The second essential life skill that every child must acquire, according to Ellen Galinsky in “Mind in the Making,” is the ability to take another’s perspective. This life skill directly speaks to the open dialogue every director should have e between every family and his/her staff.
From about the age of 3, children are able to be empathetic. Empathy, defined as the ability to understand and share the feelings of another, is available once the child goes through a physiological change called a bio-behavioral shift. This means that the child’s brain connections literally, physically change in such a way that allows for behavioral changes. One behavioral change in empathy. Another is being able to have interpersonal conversations with other people. Children are also able to include others in their pretend play once this shift happens. Many children demonstrate some or all of these skills earlier, but they begin to work together by about this magical age of 3.
It is when we can take another’s perspective that we can create real connections and friendships. When we are connected to others, we modify our behavior so that we can support these friendships.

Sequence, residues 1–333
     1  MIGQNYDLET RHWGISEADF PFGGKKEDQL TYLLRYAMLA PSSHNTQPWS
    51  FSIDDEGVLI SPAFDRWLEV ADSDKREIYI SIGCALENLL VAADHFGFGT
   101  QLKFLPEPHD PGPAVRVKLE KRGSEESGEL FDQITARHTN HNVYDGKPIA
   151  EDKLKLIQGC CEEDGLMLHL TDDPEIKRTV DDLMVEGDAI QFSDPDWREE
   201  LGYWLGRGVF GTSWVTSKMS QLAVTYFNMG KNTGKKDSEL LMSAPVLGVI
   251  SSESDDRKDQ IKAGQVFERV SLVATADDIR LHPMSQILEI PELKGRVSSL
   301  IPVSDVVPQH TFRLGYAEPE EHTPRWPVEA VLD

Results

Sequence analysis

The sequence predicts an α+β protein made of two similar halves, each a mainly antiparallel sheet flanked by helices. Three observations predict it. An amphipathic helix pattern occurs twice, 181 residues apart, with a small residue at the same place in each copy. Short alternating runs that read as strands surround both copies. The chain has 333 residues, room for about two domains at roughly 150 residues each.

It can be hard for children and adults to take another’s perspective. However, it is vital that we do. Research has shown that when we are able to take another’s perspective, we execute our inhibitory control, or our ability to delay our own gratification for the benefit of others. Research shows that children who master this have less conflict and less anxiety in social settings.
Our teachers help the children develop and practice the skill of taking another’s perspective by including it as an expected skill in every activity. Regardless of where the child is on his or her journey to master this skill, each teacher assumes that she is capable and will eventually master it through exposure, practice, modeling and time.
You can support your child as he learns to take another’s perspective by pointing out the play peer’s goal. For example, when children play, and there’s a disagreement in how the play should proceed, you can say, “I see that your friend wants to do X’. It also seems like you want to do X, which is a little different than your friend’s plan. How do you two think we can have both of your ideas (plans) as we play?” By providing this narration, you are verbally taking both children’s perspective and helping them auditorily process what they are viscerally experiencing. Your teachers should be more than willing to demonstrate this other technique, which will help the children learn to take another’s perspective. We would love to share them with you. Please feel free to ask.